Argumentation

September 2021 Forums General discussion Argumentation

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  • #89907
    ALB
    Keymaster

    Thought this from Zeitgeist about the concept of “property” in a moneyless world of abundance makes a useful point that is relevant to this discussion, ie that the concept of ownership will come to be replaced by that of use and access to use:

    Quote:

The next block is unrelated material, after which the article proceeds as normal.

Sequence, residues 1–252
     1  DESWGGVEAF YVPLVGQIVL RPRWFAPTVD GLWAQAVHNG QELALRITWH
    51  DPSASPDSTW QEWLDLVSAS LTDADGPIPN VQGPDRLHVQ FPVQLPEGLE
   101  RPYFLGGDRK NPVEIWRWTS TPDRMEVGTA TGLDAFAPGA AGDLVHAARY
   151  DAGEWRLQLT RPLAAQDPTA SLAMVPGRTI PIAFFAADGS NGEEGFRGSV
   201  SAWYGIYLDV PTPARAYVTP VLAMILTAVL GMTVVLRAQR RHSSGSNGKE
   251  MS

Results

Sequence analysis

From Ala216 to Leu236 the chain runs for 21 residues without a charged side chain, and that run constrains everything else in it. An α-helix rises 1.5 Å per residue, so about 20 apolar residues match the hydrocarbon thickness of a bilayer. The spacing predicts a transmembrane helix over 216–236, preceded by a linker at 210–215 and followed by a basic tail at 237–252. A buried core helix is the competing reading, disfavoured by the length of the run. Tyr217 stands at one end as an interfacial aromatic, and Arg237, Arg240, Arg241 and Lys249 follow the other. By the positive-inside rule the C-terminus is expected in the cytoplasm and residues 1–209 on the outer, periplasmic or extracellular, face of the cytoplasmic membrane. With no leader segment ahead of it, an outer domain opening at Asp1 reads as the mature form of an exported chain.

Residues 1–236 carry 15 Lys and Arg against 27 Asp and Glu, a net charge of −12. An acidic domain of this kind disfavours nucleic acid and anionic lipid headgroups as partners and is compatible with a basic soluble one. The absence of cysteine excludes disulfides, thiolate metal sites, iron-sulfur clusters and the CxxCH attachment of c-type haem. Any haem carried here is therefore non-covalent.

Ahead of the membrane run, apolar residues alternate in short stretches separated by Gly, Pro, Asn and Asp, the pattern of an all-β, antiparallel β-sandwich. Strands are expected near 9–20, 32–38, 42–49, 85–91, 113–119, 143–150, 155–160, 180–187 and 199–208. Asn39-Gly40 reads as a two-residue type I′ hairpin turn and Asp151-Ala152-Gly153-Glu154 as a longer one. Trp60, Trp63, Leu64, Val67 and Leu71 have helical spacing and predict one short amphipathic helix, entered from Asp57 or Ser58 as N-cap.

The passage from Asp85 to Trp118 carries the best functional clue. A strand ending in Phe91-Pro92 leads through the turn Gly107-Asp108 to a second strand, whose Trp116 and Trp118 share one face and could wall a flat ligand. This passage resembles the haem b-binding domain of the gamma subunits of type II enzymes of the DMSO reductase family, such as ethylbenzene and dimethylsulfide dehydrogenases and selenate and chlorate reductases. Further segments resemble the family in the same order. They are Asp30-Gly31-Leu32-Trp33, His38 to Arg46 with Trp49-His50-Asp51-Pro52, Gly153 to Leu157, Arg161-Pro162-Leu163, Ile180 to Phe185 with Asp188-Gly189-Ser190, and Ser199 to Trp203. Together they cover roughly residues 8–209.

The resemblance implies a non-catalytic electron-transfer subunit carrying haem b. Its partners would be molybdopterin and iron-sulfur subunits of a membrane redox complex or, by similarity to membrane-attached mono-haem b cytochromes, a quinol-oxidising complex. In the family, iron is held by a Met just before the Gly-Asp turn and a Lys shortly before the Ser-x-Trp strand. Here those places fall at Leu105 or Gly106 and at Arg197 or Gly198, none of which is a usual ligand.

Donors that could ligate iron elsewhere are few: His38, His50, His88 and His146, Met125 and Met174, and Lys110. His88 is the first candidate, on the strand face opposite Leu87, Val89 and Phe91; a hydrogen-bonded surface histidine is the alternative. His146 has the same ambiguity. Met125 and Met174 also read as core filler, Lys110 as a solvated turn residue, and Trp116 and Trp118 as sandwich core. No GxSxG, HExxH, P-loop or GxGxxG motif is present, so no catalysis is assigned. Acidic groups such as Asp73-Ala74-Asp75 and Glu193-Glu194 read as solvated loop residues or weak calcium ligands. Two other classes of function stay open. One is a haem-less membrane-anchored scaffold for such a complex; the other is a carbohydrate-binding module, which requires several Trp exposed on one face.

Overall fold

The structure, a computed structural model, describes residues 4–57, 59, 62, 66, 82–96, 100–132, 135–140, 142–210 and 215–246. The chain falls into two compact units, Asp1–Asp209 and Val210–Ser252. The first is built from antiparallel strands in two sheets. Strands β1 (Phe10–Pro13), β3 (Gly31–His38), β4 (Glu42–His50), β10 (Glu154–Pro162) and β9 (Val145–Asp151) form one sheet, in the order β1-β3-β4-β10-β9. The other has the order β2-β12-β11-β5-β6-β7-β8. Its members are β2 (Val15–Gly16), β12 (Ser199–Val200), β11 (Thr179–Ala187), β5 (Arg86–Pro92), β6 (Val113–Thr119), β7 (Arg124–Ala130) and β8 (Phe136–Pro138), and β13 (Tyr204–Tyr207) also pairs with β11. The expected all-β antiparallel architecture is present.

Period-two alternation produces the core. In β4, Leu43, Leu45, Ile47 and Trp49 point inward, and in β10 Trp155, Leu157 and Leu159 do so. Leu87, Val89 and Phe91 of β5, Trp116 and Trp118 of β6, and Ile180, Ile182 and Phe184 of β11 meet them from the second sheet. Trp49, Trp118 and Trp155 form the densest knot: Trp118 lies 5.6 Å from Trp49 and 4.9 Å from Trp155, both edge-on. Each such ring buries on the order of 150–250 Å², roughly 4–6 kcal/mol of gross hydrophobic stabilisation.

Concurrently, one of the more in depth changes in values and lifestyles will be the way people think about ‘property’. In most of the world today, property is a powerful concept, with people often associating their social status with what they own. As stated before, the monetary system requires ‘cyclical consumption’ to function. This naturally leads to the need for people to be manipulated into thinking they want or need a particular good or service. With the powerful tactics of modern advertising, most in the world support an artificial, materialistic value system that entails wanting more and more goods and services, often regardless of their necessity or utility.In a Resource-Based Economy, the monetary system will no longer pollute the human mind via its manipulative arm – “advertising”. The endless sea of billboards, media commercials, magazines and the like will no longer poison the landscape or our perceptions. This will cause a dramatic shift in the human value system and hence lifestyle.More powerfully, in a Resource-Based Economy there is no reason for property. Property is an outgrowth of scarcity. People who had to work very hard to create or obtain a product or resource in turn protected it because it had immense value relative to the labor entailed along with the scarcity associated. Property is not an “American” or “Capitalist” idea… it is a primitive mental perspective generated from generations of scarcity. People claim “ownership” because it is a legal form of protection.In a system of abundance, without the need for money, the idea of ownership becomes irrelevant. In this new system no one owns anything. Instead, everyone has unrestricted access to everything. Ownership is a massive burden. No longer will a person need to live in one place. One could travel the world constantly. Anything needed is obtained, without restriction. There is no reason for abuse for there is nothing to gain. You can’t steal things that no one owns and you certainly couldn’t sell them.Household items are obtained through central distribution in the cities, while recreational items are available on call or near the location of their use. For example, if you go to a golf course you would select, on site, your clubs from the most effectively designed models available. You use them, and then you return them. If you decide to keep the clubs, go ahead – that is your burden… for why would a person want to transport, maintain and store golf clubs, when they can always have access to them and then return them onsite? Our homes today are full of junk that we hold onto because of the supposed value they maintain. This waste will no longer be needed.In this model, the city complex or, in fact, the entire world, is really your home. Instead of having extraneous items like recreational equipment and vehicles sitting about your physical house, collecting dust when they are not in use, they are stored centrally for everyone’s free access, with products being utilized actively, minimizing redundant waste.If you require an automobile for whatever reason, the car is made available for you. When you get to your destination, the satellite based driving system will automatically make the car available for others to use, as opposed to sitting in some parking lot wasting space and time.In society today, the need for property results in extreme product overlap and redundant waste. There is no reason for every person to “own” a car. Most only drive them for an hour a day. It is much more intelligent to create a universal shared system, for it dramatically reduces waste, redundancy and increases space and efficiency.-The Zeitgeist Movement – Observations and Responses. Activist Orientation Guide.(pp.67-69)